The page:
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Microsoft's Austrian problem

Redmond rejects Austrian 'Big Brother' brickbat

Microsoft is demanding that organisers of a mock awards ceremony withdraw their nomination of the company for practices deemed a threat to personal privacy.

Microsoft is at the top of a list of companies, politicians and institutions being considered for the Austrian 'Big Brother Awards', a tongue-in-cheek ceremony intended to raise awareness of the issue of personal privacy in the Information Age.

The award sponsors nominated the software giant "for an attempt, such as has never been seen before in such dimensions, to obtain complete control over its customers", citing the "mandatory registration" for the new Windows XP operating system, and the Passport online identification system, which "gives an almost unlimited potential for surveillance".

Microsoft vehemently rejects the allegations, said Thomas Lutz, a spokesman for Microsoft Austria, in a telephone interview, adding that he had responded to the group's claims in an email message.

"The product activation of Windows XP can in no way be called a 'mandatory registration', it consists of a fully anonymous process that only ensures that a particular copy of the software can only be installed on one PC," Lutz wrote in his message to the awards organisers, which they subsequently made public.

The Passport service, he wrote, "stands under equally strict guidelines as concerns data privacy, and its structure is already set up in such a way that abuse and unauthorised collection of user data are excluded." Actually, it doesn't necessarily reside under the strictest data privacy regulations — Passport and Microsoft are more likely to want to follow the 'Safe Harbor' arrangement, a set of privacy guidelines about which many EU power brokers are still dubious.

"I kindly request that you withdraw your nomination or definitively prove your allegations," Lutz wrote to the organisers. But the awards committee stood by its choice of Microsoft.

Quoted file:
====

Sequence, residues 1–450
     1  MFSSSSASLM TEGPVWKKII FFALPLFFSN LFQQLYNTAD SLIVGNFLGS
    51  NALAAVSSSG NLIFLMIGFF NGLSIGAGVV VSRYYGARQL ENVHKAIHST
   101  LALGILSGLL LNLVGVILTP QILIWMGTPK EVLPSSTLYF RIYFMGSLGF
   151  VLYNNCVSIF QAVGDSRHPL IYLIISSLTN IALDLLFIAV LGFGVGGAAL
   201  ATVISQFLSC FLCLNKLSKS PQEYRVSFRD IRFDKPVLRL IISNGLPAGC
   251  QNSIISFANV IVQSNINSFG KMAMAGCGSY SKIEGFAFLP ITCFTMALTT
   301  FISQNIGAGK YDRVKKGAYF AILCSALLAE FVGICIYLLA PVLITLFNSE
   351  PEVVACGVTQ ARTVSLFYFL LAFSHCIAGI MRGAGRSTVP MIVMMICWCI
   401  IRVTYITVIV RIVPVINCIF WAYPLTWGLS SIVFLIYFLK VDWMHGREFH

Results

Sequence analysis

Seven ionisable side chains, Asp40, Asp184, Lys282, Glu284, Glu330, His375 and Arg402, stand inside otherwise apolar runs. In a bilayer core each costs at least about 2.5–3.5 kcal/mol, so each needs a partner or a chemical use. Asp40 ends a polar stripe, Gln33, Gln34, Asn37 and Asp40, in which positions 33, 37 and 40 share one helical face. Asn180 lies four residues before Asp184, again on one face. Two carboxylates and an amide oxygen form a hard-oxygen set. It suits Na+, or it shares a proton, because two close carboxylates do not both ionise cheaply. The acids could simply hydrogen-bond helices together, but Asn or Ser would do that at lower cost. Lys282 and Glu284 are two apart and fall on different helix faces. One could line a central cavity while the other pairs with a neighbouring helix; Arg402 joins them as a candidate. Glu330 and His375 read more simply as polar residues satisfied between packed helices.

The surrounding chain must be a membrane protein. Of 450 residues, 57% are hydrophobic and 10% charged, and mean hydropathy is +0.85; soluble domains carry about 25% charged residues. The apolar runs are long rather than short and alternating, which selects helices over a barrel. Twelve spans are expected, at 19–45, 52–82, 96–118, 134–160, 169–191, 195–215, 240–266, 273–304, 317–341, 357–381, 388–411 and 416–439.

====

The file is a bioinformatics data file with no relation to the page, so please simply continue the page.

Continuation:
"It's not about the software, it's about a CD with a program that crosses a shop counter, and the user must be able to assume he can use it. That's what he paid for," said Hans Zeger, the head of Arge Daten Austrian Society for Data Protection, one of the sponsors of the awards. "A registration would be nice, but it's not provided for by the law in Austria. It infringes on the rights of the consumer."

"Whatever Microsoft says, when I buy software I have an agreement with a dealer and not with the company that produces it," Zeger continued.

As for Passport, he said, the problem is that it's not clear what happens to the personal data provided by users when they register for the single-login system. European Union guidelines on data protection, he added, require that users be notified which sections of their information will be passed on and to whom.

Microsoft has already faced criticism from privacy groups in the US, who have filed a complaint with the US Federal Trade Commission, saying the software company deceptively uses the Passport service to collect data about users.


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